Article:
From a technological perspective, chemobrionic reactions offer a means to build complex structures across nano-, micro- and macroscales from a plethora of organic and/or inorganic, ionic and/or molecular building blocks. Advances have been made in numerous areas of application, including but not limited to regenerative medicine17, biochemical and therapeutic delivery18, soft bioinspired materials19, catalysis20, electrochemistry21, gas sensors22, luminescent materials23,24 and microfluidics25. Harnessing control over chemobrionic processes may hold great promise toward the creation of novel, compositionally diverse and ultimately, useful materials and devices26,27.
Considering that thermodynamic disequilibrium drives self-organisation in many chemobrionic systems (excluding mechanically controlled injection systems), tubular chemical garden structures can continue to lengthen until the system either reaches a state of thermodynamic equilibrium or is depleted of reactant. Problematically, the continued deposition of precipitate in these confined reactions can result in the growth of structures that reach the solution–air interface, proceed to agglomerate and eventually, collapse. As such, the retrieval of intact frameworks requires structures to be harvested from the growth environment whilst still actively undergoing formation. Additionally, harvesting of structures can lead to loss of alignment and breakage. Therefore, the growth and acquisition of chemobrionic structures in such a manner that allows for ease of further processing toward technologically relevant materials remains highly challenging.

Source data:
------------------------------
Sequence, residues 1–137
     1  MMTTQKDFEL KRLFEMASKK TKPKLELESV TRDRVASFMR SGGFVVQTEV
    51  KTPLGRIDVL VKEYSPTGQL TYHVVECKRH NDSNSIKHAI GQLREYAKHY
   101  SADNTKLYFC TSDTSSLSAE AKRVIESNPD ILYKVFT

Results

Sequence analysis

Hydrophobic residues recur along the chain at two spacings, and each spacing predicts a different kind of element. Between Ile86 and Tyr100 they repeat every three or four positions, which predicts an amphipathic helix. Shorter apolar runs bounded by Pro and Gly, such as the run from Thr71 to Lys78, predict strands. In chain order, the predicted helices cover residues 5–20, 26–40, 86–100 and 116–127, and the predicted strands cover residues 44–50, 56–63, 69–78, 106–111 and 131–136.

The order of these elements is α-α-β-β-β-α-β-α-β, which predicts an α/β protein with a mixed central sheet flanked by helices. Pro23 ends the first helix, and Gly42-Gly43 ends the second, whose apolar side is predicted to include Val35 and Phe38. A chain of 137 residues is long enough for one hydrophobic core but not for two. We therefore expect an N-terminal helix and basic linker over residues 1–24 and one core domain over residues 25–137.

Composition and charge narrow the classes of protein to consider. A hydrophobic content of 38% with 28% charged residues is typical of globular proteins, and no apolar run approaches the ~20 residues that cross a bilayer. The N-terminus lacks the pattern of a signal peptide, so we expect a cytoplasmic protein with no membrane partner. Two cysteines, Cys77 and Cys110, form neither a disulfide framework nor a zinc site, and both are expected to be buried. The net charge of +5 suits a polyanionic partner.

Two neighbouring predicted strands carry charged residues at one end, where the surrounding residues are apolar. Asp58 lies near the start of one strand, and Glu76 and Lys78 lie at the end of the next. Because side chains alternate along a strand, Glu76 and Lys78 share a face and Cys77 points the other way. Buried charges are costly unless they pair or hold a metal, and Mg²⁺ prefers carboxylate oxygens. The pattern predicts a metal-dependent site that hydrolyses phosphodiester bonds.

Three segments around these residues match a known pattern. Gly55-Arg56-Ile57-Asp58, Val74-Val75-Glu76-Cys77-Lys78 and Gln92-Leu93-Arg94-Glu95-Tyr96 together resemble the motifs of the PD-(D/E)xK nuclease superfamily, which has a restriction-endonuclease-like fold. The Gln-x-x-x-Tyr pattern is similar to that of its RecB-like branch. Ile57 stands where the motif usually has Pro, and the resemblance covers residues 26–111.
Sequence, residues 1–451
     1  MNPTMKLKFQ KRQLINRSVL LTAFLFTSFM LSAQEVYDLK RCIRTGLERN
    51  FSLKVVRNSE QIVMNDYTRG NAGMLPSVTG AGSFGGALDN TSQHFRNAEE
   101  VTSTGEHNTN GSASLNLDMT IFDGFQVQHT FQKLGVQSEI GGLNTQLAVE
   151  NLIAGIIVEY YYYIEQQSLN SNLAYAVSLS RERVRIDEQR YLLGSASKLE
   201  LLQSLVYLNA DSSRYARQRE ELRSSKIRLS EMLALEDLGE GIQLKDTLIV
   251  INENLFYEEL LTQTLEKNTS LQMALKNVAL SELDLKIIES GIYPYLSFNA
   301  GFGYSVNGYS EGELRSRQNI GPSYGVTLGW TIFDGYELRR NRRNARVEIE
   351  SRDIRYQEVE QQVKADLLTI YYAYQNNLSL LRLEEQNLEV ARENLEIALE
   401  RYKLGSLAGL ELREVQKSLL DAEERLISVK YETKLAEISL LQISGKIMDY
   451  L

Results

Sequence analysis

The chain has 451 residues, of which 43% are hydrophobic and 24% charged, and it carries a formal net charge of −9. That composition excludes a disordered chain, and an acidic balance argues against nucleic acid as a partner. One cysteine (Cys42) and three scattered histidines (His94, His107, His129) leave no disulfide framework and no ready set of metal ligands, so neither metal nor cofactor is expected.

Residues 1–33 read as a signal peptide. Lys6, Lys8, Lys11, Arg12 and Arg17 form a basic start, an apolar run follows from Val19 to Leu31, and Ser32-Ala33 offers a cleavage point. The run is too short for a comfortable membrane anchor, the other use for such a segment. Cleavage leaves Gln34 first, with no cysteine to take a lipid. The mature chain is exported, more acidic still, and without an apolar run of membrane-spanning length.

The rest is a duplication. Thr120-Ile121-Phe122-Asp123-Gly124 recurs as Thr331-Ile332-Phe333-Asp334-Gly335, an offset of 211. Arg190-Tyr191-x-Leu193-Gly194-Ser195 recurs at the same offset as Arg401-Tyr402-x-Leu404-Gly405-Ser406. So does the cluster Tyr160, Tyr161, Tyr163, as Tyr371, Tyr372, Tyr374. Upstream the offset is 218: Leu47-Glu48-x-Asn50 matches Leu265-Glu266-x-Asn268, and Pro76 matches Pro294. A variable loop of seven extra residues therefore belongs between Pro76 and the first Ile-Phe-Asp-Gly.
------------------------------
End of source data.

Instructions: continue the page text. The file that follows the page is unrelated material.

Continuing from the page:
Calcium phosphate chemical gardens grown from hydrogel–solution interfaces have been proposed to hold great potential in the field of tissue engineering as cellular scaffolds and biologically responsive structures28,29,30. Self-assembly of calcium phosphate chemical gardens from the interface between a hydrogel and solution occurs in a mechanistically similar manner to the formation of architectures from cationic salt seeds submerged in anionic reservoirs6,31. In the hydrogel–solution system, calcium ions are homogeneously diffused throughout the hydrogel. A variety of hydrogel networks can be utilised, including agar, gelatin or carrageenan6,32,33,34. When phosphate solution is introduced on top, a semi-permeable precipitate membrane forms from the interaction of calcium ions at the surface of the hydrogel with phosphate ions in solution. Osmotic pressure differences between the outside and inside of the membrane draws water inward, causing the hydrogel to swell. The membrane also facilitates steep chemical and pH gradients that drive the interaction of reactive species.29,35 Eventually, the osmotic pressure causes the semi-permeable membrane to rupture, releasing streams of buoyant calcium-rich fluid into the surrounding anionic solution. Precipitation around these streams leads to the formation of calcium phosphate tubes. Repetitive build-ups in osmotic pressure and release maintains the ascension of calcium-rich fluid through established structures. Subsequently, the tips rupture and the emission of calcium-rich fluid leads to further precipitation, continuing the elongation of the tubes. In an uncontrolled set-up, calcium phosphate tubes can reach the solution–air interface and continue to grow along it. Agglomeration of tubes through the continued deposition of calcium phosphate will eventually lead to the collapse of structures, limiting processability.